Title: Road damage due to dynamic tyre forces measured on a public road

Authors: T.E.C. Potter, D. Cebon, D.J. Cole, A.C. Collop

Addresses: University Engineering Department, Trumpington St, Cambridge, CB2 1PZ, UK. ' University Engineering Department, Trumpington St, Cambridge, CB2 1PZ, UK. ' University Engineering Department, Trumpington St, Cambridge, CB2 1PZ, UK. ' University Engineering Department, Trumpington St, Cambridge, CB2 1PZ, UK

Abstract: This paper describes a series of tests conducted on a UK trunk road, in which the dynamic tyre forces generated by over 1500 heavy goods vehicles (HGVs) were measured using a load measuring mat containing 144 capacitive strip sensors. The data was used to investigate the relative road damaging potential of the various classes of vehicles, and the degree of spatial repeatability of tyre forces present in a typical highway fleet. Approximately half the vehicles tested were found to contribute to a spatially repeatable pattern of pavement loading. On average, air suspended vehicles were found to generate lower dynamic load coefficients than steel suspended vehicles. However, air suspended vehicles also generated higher mean levels of theoretical road damage (aggregate force) than steel suspended vehicles, indicating that the ranking of suspensions depends on the pavement damage criterion used.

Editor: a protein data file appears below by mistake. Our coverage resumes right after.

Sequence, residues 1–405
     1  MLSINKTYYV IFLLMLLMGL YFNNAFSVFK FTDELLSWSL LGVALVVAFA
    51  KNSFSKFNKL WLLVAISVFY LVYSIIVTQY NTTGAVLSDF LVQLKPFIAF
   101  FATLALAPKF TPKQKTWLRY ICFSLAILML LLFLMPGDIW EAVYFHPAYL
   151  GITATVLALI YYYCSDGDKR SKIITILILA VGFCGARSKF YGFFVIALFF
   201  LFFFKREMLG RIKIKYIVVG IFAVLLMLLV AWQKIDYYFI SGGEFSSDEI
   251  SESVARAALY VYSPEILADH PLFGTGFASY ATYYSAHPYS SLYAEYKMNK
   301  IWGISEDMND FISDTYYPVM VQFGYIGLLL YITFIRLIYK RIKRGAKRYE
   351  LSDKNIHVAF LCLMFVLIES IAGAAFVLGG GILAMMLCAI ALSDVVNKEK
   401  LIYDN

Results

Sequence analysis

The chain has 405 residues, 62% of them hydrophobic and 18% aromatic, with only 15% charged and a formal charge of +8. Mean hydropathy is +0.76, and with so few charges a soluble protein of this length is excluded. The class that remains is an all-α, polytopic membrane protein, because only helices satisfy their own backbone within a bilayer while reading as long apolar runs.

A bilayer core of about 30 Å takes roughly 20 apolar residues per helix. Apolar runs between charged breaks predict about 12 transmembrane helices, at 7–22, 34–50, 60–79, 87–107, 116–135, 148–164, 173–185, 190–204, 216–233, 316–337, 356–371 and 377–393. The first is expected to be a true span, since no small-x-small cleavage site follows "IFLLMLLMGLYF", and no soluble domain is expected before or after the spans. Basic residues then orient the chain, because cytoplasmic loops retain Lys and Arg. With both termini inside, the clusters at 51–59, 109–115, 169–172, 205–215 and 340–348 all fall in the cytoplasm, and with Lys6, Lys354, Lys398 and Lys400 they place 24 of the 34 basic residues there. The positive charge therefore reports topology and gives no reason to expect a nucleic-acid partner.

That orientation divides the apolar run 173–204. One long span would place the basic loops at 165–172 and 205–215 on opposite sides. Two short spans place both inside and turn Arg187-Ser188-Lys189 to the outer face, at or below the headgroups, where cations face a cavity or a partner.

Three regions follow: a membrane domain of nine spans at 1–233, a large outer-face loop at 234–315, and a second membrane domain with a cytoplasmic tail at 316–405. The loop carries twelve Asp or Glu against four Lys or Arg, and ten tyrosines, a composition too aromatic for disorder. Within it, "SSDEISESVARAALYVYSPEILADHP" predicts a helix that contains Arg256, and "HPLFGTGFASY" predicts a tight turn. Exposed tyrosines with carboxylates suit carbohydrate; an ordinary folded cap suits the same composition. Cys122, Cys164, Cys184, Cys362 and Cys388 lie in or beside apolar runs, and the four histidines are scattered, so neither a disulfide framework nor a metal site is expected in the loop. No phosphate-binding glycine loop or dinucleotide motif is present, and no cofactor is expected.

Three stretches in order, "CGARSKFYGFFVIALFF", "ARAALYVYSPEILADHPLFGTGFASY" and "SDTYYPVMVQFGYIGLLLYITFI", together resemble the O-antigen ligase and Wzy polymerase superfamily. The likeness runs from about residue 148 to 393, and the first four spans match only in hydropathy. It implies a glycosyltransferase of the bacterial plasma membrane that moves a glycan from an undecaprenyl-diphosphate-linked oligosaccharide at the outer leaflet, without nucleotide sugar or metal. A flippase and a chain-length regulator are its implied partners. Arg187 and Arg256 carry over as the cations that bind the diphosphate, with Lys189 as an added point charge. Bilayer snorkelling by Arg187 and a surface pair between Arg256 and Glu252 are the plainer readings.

Keywords: articulated vehicles; dynamic tyre forces; spatial repeatability; static load sharing; vehicle suspensions; road damage; vehicle dynamics; heavy vehicles.

DOI: 10.1504/IJHVS.1996.054569

International Journal of Heavy Vehicle Systems, 1996 Vol.3 No.1/2/3/4, pp.346 - 362

Published online: 18 Jun 2013 *

Full-text access for editors Access for subscribers Purchase this article Comment on this article